Although I think the marsh deer specimen was a bust, Sabertooth Cave produced many exciting fossils typical of the late Pleistocene–Wheatley’s (or Jefferson’s) ground sloth, giant armadillos (pampatheres), mastodon, llama, long-nosed peccary, white tail deer, horse, tapir, capybara, saber-tooth cat, and dire wolf were the large mammal species found.  The smaller mammal species included opposum, beautiful armadillo, mole, marsh rabbit, cottontail rabbit, cotton rat, rice rat, Florida muskrat, gray fox, bobcat, and striped skunk.  Sabertooth Cave is the type locality where fossils of the Florida bog lemming (Synaptomys australis) were first found.  The Florida bog lemming may simply be a large extinct subspecies of the southern bog lemming (Synaptomys cooperi). Scientists aren’t sure. On islands large ungulates become dwarfs, while some rodents grow larger.  It’s possible during marine highstands there were many isolated  islands within vast wetlands.  That would account for key deer and large lemmings in a site located so far inland. Another interesting find at this site was the apparent co-existence of the western species of pocket gopher (Thomomys sp.) with the eastern species (Geomys pinestis).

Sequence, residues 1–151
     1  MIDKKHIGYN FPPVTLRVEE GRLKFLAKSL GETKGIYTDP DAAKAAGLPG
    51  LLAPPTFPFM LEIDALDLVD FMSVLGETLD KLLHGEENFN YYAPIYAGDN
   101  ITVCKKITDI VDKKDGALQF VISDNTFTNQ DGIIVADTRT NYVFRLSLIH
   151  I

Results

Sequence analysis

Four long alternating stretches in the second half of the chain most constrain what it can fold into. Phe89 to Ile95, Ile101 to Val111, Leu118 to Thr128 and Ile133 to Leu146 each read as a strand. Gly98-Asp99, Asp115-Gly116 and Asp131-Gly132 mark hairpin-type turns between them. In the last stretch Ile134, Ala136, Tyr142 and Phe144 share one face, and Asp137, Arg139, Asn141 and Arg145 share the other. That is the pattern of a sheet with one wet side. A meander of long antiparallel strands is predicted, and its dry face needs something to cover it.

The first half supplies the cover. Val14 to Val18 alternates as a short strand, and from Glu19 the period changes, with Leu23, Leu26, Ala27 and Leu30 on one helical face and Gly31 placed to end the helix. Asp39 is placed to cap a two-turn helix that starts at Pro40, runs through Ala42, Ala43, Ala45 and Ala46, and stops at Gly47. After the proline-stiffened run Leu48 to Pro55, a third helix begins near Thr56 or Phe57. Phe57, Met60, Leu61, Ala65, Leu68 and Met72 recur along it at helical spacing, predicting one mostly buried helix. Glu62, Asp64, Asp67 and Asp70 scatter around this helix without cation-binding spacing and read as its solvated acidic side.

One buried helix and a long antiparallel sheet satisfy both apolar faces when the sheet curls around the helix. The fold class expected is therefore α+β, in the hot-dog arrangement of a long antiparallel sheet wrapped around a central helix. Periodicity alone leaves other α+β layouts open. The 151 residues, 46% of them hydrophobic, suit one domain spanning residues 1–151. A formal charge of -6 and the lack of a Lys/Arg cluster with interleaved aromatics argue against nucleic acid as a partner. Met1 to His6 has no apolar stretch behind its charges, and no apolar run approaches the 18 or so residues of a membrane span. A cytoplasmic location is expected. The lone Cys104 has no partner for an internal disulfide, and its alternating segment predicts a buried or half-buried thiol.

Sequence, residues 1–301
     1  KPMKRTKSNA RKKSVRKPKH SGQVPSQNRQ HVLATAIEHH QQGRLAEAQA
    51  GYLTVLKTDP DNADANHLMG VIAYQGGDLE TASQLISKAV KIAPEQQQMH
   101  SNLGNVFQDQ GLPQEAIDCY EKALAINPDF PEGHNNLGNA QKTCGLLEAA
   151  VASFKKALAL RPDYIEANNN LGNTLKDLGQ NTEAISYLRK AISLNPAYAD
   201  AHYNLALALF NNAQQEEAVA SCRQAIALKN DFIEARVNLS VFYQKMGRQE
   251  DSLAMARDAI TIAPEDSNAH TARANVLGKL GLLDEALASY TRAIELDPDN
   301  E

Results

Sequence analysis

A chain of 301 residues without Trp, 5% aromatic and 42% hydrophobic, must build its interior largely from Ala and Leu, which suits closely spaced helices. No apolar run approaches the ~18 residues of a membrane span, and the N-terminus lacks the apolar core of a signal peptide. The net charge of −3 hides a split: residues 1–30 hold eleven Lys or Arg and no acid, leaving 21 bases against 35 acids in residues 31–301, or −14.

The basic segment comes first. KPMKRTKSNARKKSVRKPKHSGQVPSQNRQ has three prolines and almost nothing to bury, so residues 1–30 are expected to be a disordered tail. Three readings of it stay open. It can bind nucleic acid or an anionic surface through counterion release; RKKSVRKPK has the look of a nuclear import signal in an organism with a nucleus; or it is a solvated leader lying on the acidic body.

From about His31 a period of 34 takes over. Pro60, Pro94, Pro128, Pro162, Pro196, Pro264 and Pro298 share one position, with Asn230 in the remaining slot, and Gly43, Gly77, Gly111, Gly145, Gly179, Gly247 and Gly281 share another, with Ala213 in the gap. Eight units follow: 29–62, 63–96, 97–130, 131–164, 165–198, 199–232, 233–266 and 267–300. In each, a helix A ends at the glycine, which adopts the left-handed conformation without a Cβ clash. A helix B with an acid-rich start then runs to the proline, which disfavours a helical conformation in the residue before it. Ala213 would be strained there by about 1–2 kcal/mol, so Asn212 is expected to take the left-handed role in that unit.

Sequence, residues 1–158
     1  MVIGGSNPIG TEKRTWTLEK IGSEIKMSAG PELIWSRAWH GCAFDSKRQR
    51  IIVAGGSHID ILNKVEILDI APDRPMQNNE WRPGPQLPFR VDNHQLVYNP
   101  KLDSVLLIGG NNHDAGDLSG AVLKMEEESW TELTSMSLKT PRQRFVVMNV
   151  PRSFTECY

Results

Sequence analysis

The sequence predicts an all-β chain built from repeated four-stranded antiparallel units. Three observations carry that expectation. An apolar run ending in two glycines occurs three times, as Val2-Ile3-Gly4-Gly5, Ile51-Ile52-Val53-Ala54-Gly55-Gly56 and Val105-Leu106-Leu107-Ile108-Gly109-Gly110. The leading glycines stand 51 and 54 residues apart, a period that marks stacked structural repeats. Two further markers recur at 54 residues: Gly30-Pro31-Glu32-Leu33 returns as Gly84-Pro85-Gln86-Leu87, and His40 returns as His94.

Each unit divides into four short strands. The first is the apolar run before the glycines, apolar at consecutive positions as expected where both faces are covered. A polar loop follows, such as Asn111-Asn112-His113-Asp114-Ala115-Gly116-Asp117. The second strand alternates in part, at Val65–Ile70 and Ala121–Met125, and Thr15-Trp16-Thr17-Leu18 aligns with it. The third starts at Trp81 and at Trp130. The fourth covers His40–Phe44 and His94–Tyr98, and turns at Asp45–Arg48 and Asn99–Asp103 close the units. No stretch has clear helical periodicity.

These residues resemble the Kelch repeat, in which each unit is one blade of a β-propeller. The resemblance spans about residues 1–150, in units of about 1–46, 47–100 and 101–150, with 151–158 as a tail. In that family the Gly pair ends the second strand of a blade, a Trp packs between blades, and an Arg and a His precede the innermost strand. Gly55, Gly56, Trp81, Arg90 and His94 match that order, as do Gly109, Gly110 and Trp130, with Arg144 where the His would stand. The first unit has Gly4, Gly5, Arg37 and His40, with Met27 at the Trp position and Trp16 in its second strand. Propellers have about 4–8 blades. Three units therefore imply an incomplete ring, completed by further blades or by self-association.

A western species of pocket gopher from the Thomomys genus.  It lived in Florida during the Pleistocene.

Southeastern pocket gopher.  I think my cat killed 1 of these once but she wouldn’t let me take a close look at it.

Bird fossils unearthed at Sabertooth Cave were diagnosed as being those of a lesser scaup aka bluebill duck, turkey vulture, black vulture, bald eagle, sparrow hawk, barred owl, barn owl, screech owl, bobwhite quail, and turkey.  Some of these birds may have roosted here and dropped prey in the cave.  I think the vultures and eagle were attracted to animals that fell in the cave and died, and the scavenging birds in turn became trapped.  Somehow alligators and turtles fell inside the cave as well.

The species composition shows that the surrounding landscape consisted of freshwater marsh, woodland swamp, and some meadows–similar, if not exactly, the same environment that existed here til the 20th century when man ruined it.  As far as I know, scientist haven’t attempted to date the fossils found here, but most suspect they date to the Sangamonian Interglacial ~132,000-~118,000 BP.

Sabertooth canine from whence this nice fossil site got its name.


Simpson, George

“Pleistocene Mammals from a Cave in Citrus County, Florida”

American Museum Novitas 328 October 26, 1928